DAPP-BQ. The Dimensional Assessment of Personality Pathology-Basic Questionnaire (Livesley & Jackson, 2002, 2009; Livesley et al., 1989; Livesley, Jackson, & Schroeder, 1992) is a 290-item; self-report questionnaire with the items rated on a 5-point scale ranging from 1 (Very unlike me) to 5 (Very like me).
The short form of DAPP-BQ (Dutch language version), called DAPP-SF, was derived by van Kampen et al.
Structural Equation Modeling (SEM) has been used to assess each DAPP-BQ scale.
The means, standard deviations, kurtosis, skewness and alphas for the 18 DAPP-BQ (3) scales including the 290, 136 and 90-items forms are shown in Table 1.
DAPP-BQ and DAPP-SF mean differences between studies
Maximum likelihood confirmatory factor analyses were conducted over the variance-covariance matrices of each DAPP-BQ single scales in the three versions of the test for both random groups (1 and 2).
Table 2 compares the goodness-of-fit indices for each DAPP-BQ factors for the full 290-item, 136-item and 90-item forms.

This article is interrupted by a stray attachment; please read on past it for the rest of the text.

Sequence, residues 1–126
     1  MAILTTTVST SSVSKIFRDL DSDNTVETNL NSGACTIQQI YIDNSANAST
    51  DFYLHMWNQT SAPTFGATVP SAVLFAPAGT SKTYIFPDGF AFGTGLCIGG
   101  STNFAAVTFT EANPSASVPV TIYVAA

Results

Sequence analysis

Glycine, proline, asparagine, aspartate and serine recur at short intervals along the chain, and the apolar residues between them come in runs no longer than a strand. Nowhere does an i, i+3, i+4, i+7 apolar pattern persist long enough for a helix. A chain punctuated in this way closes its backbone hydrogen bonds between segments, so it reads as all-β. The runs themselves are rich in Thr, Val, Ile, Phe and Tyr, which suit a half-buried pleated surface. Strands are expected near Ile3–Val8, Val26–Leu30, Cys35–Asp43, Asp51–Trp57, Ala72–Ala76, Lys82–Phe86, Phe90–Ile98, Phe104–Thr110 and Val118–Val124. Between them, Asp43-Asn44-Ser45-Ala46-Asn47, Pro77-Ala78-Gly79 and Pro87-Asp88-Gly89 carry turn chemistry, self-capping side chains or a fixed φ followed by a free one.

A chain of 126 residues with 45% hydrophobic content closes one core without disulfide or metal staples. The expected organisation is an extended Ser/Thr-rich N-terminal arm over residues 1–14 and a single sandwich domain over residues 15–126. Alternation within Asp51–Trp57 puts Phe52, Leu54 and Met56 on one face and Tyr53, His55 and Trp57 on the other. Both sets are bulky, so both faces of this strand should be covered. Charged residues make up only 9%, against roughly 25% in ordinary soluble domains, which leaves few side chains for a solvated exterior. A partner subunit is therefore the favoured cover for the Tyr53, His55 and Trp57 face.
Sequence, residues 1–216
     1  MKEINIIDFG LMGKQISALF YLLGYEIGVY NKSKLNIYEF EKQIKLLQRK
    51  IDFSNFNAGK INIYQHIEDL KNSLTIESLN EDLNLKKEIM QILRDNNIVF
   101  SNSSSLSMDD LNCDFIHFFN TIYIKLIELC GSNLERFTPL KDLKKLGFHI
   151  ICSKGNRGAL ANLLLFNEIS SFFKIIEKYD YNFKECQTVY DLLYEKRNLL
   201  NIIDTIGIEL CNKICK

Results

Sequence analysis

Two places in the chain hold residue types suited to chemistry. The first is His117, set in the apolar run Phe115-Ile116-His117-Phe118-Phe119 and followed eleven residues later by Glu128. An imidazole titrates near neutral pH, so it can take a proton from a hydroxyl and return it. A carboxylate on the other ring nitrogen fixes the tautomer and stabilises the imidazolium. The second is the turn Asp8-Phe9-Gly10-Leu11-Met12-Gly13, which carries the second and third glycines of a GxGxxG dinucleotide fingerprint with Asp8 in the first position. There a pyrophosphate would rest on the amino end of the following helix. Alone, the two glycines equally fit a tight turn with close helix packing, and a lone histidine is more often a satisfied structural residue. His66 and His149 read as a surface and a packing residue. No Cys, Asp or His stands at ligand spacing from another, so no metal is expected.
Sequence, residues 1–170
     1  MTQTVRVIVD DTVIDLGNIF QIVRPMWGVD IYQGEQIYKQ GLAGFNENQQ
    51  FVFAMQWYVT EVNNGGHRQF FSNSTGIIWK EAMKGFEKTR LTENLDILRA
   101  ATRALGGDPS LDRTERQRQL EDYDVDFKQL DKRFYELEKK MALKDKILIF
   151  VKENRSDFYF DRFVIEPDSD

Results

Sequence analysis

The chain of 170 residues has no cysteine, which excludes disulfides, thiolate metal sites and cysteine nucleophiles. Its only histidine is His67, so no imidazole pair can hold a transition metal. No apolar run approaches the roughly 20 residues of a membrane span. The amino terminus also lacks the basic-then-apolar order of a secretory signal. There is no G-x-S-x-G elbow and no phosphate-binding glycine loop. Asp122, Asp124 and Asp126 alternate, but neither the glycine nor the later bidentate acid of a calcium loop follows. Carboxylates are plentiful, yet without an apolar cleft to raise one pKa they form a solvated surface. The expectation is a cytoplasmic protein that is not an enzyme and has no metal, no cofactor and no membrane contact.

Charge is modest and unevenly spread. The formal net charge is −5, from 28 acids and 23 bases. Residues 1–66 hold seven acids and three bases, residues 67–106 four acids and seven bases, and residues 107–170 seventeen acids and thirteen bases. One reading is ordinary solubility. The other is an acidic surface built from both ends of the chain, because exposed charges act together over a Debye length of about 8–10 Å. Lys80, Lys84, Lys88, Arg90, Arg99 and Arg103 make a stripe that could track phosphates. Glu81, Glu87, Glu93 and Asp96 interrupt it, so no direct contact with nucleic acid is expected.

This strategy was performed separately for both groups of participants (1 and 2), and for all participants; b) we intended to obtain a satisfactory fit on SEM adjustment values (TLI > .90 and RMSEA < .05) for each DAPP-BQ scale in both separate groups (calibration and validation), and simultaneously for the whole sample.
Table 3 shows the factorial structure of the separate scales of the DAPP-BQ, DAPP-SF, and DAPP-90, leaving out of consideration the three Self-Harm scales that were found to have very large kurtosis and skewness values.
In this study we tested that the DAPP-BQ dimensions were higher in patients with psychosis than in siblings of this type of patients, as we expected.
SSLS, however, had a more adaptive personality, reflected by their low scores on DAPP-BQ. This profile, that distances them from patients, and from SSHS, could be a protective factor to them for psychosis.
In this study we found that a DAPP-BQ pathological personality profile characterized by high scores on the dimensions of affective lability, anxiousness, submissiveness, social avoidance, identity problems, oppositionality, narcissism, and restricted expression, can distinguish between siblings who had more schizotypal features and those who had less.